The thing about great leaders is that they are also great followers.
One of the biggest struggles faced by leaders is how hard it is to get constructive, positive feedback. Unsolicited, constructive feedback is something leaders desperately seek and need.
Sure you can approach people to ask them directly for an evaluation of things like a decision you’ve made, but in those cases you run the risk that they may simply tell you what they think you want to hear.
Unfortunately, this kind of feedback simply isn’t helpful in determining whether you’re on the right track as a leader.
To illustrate this, I’d like to share a personal example of a time within my own organization where I was unable to get any feedback. Years ago someone mentioned to me the idea of using two monitors on a desk instead of one. While this is common today it certainly wasn’t at the time because monitors often cost between $600 and $700 a piece.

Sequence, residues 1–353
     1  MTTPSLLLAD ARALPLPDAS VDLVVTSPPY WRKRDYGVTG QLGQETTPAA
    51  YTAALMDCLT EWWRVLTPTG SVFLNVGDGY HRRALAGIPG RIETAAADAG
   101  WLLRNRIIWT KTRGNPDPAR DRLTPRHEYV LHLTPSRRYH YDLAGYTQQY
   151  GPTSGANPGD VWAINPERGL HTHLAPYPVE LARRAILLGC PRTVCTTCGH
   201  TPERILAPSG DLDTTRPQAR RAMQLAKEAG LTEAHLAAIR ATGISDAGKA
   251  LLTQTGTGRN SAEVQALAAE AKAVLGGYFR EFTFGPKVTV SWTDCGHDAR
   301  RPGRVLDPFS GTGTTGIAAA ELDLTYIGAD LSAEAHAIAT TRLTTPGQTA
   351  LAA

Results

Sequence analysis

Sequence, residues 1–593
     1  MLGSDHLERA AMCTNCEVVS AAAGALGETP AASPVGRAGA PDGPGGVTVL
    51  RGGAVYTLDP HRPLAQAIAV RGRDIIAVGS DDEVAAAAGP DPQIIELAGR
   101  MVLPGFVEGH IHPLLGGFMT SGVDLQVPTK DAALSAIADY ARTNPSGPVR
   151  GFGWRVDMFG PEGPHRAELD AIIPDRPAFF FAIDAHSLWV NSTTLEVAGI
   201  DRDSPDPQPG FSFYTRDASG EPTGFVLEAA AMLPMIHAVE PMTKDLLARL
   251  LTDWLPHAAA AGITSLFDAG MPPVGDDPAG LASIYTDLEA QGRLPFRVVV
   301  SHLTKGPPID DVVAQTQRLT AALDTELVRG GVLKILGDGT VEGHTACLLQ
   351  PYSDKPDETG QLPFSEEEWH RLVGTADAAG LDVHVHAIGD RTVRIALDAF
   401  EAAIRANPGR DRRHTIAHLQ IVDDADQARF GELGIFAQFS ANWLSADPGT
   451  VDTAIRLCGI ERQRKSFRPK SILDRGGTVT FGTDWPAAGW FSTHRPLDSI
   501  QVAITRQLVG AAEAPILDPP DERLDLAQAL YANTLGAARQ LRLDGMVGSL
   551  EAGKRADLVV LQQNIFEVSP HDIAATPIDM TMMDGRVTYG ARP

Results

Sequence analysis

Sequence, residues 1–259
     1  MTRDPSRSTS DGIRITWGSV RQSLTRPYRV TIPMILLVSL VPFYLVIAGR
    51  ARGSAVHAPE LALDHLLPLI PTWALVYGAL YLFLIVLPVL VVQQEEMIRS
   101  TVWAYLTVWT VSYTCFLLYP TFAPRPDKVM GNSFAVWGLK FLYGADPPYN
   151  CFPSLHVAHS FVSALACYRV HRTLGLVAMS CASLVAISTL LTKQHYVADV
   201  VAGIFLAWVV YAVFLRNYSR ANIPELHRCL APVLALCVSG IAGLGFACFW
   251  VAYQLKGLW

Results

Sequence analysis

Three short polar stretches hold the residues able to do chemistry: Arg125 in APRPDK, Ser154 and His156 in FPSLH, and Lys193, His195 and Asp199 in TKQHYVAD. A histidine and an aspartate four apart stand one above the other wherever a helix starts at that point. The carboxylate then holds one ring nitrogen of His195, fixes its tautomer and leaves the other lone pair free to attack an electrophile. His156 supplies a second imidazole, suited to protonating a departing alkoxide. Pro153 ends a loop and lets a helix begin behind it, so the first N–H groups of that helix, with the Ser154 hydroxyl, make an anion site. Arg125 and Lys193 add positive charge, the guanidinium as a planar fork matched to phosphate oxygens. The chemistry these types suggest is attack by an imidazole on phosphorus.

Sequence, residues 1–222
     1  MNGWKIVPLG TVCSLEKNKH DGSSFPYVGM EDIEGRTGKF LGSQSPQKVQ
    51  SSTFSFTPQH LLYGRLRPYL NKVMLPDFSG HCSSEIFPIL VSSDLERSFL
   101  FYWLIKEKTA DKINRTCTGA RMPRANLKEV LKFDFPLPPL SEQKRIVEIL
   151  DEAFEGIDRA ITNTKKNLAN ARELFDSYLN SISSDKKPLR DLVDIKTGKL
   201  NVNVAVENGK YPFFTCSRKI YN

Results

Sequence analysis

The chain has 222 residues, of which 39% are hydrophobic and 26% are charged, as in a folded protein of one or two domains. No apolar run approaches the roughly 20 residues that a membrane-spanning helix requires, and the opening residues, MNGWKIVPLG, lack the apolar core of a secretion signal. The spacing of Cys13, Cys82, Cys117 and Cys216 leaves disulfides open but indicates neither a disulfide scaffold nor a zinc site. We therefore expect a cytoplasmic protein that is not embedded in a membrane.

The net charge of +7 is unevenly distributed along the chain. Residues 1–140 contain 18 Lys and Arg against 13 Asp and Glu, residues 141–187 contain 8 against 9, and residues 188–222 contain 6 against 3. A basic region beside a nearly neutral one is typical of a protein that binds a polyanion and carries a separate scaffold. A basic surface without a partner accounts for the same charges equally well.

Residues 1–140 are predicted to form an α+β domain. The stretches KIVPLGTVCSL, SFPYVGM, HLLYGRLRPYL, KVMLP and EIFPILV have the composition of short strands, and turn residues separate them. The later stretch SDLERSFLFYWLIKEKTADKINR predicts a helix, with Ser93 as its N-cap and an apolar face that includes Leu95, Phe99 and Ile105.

Nevertheless, we went and bought about eight monitors, put them up, and waited to see what everyone thought.
The waiting went on for what seemed like an indefinite amount of time and it wasn’t until a couple of months later that I was able to get enough feedback to validate the decision.
At this point, we were sitting with a budget of about $30,000 lined up to fund getting multiple monitors for the rest of the organization but were set back by three months before we were able to proceed simply because people were so unwilling to respond.
Opening the lines of communication between leaders and followers is as essential as realizing that great leaders are great followers. No matter where you are, you ought to look for ways of providing feedback to the people making decisions.
If you want more information or have any questions, feel free to give us a call or send us an email. We look forward to hearing from you.